Along with Narragansett artist, farmer and educator, Dawn M. Spears, Put Local on Your Tray is pleased to announce a new campaign series called, “From this Land: Honoring Native Foods”. This is a pilot campaign and will be a limited release to Tray Pledge Districts and FoodCorps supported districts. Stay tuned for our full release when we incorporate feedback in the near future and, in the meantime, enjoy the resources below!
Dawn M. Spears (Narragansett) is the Director of the Northeast Indigenous Arts Alliance (NIAA). For more than twenty-five years Dawn has worked to support Indigenous arts as an artist, educator, demonstrator, and organizer.
Artist Statement : I try to capture the vibrant colors of our natural world; they are my inspiration along with my appreciation of the symbolism within our indigenous culture. I enjoy opportunities that allow us to share our work and give us space to be able to dispel the myths and stereotypes that our people have endured.
The work of Put Local on Your Tray is to increase accessibility and the amount of CT grown food in school cafeterias and to early care providers. We do this as part of a broader effort to make high quality meals universally available to all children. We understand that this goal is not possible without dismantling racism in our food, agricultural and educational systems. We cannot reasonably hope to succeed without acknowledging where we have neglected this in the past and how we commit to changing as we move forward. We are committed to transforming our network with new partnerships with Native American-led organizations and communities, while shifting power to engage in authentic relationships with BIPOC leadership. Special thanks to our partner, Dawn Spears, who contributed to the creation of this new campaign and the resources provided below.
We offer these resources to share more accurately about Native foodways and the people who were first here. These resources are meant to raise awareness in non-native school communities. Educators should be mindful of cultural appropriation and understand that Native students may experience lessons differently.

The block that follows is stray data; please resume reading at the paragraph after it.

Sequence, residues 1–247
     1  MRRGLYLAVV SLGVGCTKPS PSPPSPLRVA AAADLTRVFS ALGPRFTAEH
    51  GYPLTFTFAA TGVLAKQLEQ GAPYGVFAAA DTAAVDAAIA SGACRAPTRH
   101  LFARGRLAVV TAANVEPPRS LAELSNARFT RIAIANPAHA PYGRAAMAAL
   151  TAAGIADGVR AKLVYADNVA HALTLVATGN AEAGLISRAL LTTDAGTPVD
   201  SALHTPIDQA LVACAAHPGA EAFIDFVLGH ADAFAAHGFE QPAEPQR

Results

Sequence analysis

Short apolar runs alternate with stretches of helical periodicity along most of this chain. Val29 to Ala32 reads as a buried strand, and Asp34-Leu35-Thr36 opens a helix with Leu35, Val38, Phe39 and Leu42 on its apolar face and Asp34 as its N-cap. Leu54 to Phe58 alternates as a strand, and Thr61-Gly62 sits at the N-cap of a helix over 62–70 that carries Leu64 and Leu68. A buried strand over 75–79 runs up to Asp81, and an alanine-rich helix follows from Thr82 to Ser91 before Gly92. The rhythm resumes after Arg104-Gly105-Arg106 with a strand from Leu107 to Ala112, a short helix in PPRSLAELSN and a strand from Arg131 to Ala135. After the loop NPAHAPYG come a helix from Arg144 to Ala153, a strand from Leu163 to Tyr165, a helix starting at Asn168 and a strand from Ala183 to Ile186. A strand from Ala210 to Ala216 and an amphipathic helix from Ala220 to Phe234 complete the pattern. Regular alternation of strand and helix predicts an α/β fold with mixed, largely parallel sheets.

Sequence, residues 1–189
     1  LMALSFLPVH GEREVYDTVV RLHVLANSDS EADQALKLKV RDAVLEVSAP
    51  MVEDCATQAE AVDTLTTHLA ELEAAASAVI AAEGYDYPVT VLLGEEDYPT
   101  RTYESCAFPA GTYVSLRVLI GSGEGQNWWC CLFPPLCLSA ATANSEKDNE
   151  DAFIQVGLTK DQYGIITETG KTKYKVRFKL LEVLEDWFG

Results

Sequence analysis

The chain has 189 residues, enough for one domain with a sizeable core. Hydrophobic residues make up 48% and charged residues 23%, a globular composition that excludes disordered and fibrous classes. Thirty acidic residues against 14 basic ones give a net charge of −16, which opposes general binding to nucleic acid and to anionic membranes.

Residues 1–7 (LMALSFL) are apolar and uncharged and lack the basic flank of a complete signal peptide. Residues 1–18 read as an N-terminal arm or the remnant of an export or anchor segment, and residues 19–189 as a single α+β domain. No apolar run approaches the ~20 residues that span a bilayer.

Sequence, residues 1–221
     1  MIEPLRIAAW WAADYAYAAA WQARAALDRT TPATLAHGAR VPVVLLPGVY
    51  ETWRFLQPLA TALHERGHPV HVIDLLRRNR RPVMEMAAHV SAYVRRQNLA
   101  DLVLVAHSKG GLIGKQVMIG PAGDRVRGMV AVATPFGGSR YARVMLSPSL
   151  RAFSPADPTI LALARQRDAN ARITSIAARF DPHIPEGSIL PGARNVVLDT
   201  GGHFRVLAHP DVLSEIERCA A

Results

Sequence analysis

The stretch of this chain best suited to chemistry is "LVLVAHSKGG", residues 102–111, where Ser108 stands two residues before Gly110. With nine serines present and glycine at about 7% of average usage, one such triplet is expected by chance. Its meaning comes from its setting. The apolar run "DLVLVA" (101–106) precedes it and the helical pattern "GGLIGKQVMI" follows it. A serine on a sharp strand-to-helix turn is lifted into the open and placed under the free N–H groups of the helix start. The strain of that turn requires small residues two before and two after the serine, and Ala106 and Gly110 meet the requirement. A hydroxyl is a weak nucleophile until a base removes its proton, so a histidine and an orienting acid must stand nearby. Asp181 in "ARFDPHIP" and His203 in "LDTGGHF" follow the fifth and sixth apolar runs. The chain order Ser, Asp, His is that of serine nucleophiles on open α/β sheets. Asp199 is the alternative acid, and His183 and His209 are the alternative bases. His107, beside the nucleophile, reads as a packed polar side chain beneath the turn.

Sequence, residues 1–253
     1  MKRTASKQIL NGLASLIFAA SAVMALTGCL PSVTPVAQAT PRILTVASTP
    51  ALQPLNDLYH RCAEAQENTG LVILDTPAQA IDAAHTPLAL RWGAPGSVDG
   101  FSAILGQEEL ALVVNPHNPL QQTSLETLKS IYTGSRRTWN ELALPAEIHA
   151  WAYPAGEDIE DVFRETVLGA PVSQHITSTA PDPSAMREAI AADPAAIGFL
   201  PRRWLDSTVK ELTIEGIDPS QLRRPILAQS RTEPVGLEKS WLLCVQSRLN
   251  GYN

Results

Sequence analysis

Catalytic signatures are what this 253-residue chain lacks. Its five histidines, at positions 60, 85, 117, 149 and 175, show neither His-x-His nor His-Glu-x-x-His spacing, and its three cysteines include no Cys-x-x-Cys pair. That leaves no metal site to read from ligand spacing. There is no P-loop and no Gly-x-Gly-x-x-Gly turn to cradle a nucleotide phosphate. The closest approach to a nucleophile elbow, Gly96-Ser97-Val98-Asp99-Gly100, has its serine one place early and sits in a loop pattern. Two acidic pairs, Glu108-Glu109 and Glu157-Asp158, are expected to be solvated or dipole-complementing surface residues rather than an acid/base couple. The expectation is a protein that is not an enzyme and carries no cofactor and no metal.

As we develop this offering please share any constructive feedback, comments and additional resources. Contact Campaigns Coordinator, Abigail DuBois, email@example.com
Resources for Educators
Indigenous Foodways Are the Focus in a Growing Number of Classrooms - CivilEats article from this February highlighting the richness of this work.
First Nations Development Institute (FNDI)→FNDI improves economic conditions for Native Americans through direct financial grants, technical assistance & training, and advocacy & policy. Check out their Native Farm to School series.
National Farm to School Network → Check out the work they have done in partnership with FNDI
Three Sisters Garden: From FNDI, a comprehensive curriculum on Three Sisters garden.
Maple in Every School →This is a brand new toolkit from VT FEED, a great farm to school resource and very applicable to Connecticut.
Native American Sugaring Tradition is alive and rich. Learn more in this article
Tomaquag Children’s Hour Read Aloud: Strawberry Thanksgiving by Paulla Jennings